A team of astrophysicists using the W. M. Keck Observatory in Hawaii has successfully measured the farthest galaxy ever recorded and more interestingly, captured its hydrogen emission as seen when the Universe was less than 600 million years old. Additionally, the method in which the galaxy called EGSY8p7 was detected gives important insight into how the very first stars in the Universe lit-up after the Big Bang. The paper will be published shortly in the Astrophysical Journal Letters.
Using Keck Observatory’s powerful infrared spectrograph called MOSFIRE, the team dated the galaxy by detecting its Lyman-alpha emission line – a signature of hot hydrogen gas heated by strong ultraviolet emission from newly born stars. Although this is a frequently detected signature in galaxies close to Earth, the detection of Lyman-alpha emission at such a great distance is unexpected as it is easily absorbed by the numerous hydrogen atoms thought to pervade the space between galaxies at the dawn of the Universe. The result gives new insight into cosmic reionization’, the process by which dark clouds of hydrogen were split into their constituent protons and electrons by the first generation of galaxies.
“We frequently see the Lyman-alpha emission line of hydrogen in nearby objects as it is one of most reliable tracers of star-formation,” said California Institute of Technology (Caltech) astronomer, Adi Zitrin, lead author of the discovery paper. “However, as we penetrate deeper into the Universe, and hence back to earlier times, the space between galaxies contains an increasing number of dark clouds of hydrogen which absorb this signal.”
Recent work has found the fraction of galaxies showing this prominent line declines markedly after when the Universe was about a billion years old, which is equivalent to a redshift of about 6. Redshift is a measure of how much the Universe has expanded since the light left a distant source and can only be determined for faint objects with a spectrograph on a powerful large telescope such as the Keck Observatory’s twin 10-meter telescopes, the largest on Earth.
Keck again holds the record, for the moment at least, of the farthest galaxy ever observed. It is a record that we have been passing back and forth with the neighboring Subaru Telescope for some years now. We currently have the advantage of MOSFIRE, a fantastic spectrograph to discover these objects. I expect our hold on this title will be transitory, there are candidate objects that may even be somewhat further away and back in time.
Why try to observe these galaxies? They tell us a great deal about the formation of the first stars and galaxies after what astronomers call the “Dark Ages”, a period of time after the Big Bang when light could not travel through the galaxy, absorbed by a fog of neutral hydrogen. These first stars and galaxies ionized this hydrogen, creating the transparent universe we see today. By studying these galaxies we learn a great deal about how the universe we see today came to be.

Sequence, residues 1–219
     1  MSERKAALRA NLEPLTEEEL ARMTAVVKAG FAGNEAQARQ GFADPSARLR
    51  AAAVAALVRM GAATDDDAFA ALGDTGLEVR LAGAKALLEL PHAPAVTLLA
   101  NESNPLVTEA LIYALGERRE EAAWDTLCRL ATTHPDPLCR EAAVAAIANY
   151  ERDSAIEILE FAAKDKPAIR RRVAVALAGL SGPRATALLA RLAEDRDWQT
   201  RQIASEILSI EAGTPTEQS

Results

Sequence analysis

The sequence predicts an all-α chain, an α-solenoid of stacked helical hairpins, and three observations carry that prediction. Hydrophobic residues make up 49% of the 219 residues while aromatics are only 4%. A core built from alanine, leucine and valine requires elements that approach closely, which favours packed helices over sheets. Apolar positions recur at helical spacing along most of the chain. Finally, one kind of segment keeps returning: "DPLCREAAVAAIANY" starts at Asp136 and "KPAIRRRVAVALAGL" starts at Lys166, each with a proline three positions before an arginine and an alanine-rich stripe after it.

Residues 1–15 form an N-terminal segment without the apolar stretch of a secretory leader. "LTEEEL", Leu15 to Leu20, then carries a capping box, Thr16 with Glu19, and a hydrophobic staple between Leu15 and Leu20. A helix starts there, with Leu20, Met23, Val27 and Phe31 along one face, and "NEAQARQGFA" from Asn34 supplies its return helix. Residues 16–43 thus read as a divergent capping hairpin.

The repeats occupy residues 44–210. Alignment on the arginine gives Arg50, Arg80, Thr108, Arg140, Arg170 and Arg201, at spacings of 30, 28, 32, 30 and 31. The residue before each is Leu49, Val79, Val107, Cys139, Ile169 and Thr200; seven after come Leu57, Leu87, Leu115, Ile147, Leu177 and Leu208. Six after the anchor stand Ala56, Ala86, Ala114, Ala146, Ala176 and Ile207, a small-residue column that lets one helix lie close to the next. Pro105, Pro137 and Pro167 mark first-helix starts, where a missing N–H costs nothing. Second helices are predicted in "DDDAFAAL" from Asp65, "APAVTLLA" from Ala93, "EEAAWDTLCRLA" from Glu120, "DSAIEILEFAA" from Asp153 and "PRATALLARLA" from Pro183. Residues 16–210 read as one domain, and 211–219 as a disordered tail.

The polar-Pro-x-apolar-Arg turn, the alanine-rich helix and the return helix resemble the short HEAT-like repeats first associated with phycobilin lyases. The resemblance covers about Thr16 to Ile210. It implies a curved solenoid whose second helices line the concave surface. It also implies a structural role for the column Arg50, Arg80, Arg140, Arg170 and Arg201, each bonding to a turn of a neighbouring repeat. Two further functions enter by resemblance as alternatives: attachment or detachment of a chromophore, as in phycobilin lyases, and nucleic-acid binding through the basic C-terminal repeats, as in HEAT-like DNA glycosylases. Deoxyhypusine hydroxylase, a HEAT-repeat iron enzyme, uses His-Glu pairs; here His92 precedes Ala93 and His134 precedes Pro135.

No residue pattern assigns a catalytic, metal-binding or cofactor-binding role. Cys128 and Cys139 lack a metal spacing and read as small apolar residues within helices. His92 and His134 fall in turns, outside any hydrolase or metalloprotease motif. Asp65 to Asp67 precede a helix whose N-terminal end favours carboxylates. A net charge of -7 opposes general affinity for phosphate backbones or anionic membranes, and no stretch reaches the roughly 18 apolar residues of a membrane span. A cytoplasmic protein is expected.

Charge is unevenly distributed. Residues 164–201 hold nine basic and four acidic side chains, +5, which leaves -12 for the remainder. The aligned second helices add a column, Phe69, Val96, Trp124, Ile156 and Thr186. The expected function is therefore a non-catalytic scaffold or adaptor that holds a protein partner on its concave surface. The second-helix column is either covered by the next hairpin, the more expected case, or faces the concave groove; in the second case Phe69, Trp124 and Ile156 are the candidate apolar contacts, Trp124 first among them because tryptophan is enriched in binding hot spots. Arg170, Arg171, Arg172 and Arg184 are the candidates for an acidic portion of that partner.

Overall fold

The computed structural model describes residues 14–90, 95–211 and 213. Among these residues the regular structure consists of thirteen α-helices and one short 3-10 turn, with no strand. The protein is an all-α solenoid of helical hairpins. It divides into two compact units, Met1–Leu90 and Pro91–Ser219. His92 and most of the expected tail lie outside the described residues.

An international team of astronomers, led by Yale and the University of California, Santa Cruz, pushed back the cosmic frontier of galaxy exploration to a time when the Universe was only five percent of its present age. The team discovered an exceptionally luminous galaxy more than 13 billion years in the past and determined its exact distance from Earth using the powerful MOSFIRE instrument on the 10-meter Keck I telescope at the W. M. Keck Observatory in Hawaii. These observations confirmed it to be the most distant galaxy ever measured, setting a new record. The findings are being published in Astrophysical Journal Letters today.
An international team of scientists using the most powerful telescope on Earth has discovered the moments just after the Big Bang happened more like the theory predicts, eliminating a significant discrepancy that troubled physicists for two decades. The discovery will be published in the international journal Astronomy & Astrophysics on June 6.
One of the most important problems in physics and astronomy was the inconsistency between the lithium isotopes previously observed in the oldest stars in our galaxy, which suggested levels about two hundred times more Li-6 and about three to five time less Li-7 than Big Bang nucleosynthesis predicts. This serious problem in our understanding of the early Universe has invoked exotic physics and fruitless searches for pre-galactic production sources to reconcile the differences.
The team, led by Karin Lind of the University of Cambridge, has proven the decades-old inventory relied on lower quality observational data with analysis using several simplifications that resulted in spurious detections of lithium isotopes.
On Thursday, May 10, 2012, Keck Observatory hosted a live webcast of an astronomy talk by Dr. Brian Siana of the University of California at Riverside. Below is the recording of that talk, which was delivered to a live audience at the Kahilu Theatre in Kamuela-Waimea, Hawaii.
The first galaxies had an extraordinary impact on the young universe. Their ultraviolet light destroyed nearly all of the atoms in the cosmos. This process, called reionization, had severe consequences for galaxies trying to form thereafter. Unfortunately, we have no idea how it happened. In galaxies today ultraviolet light cannot escape, so the first galaxies must have been very different from those we see today. Dr. Siana will describe the quest to detect these first galaxies and their impact on the early universe.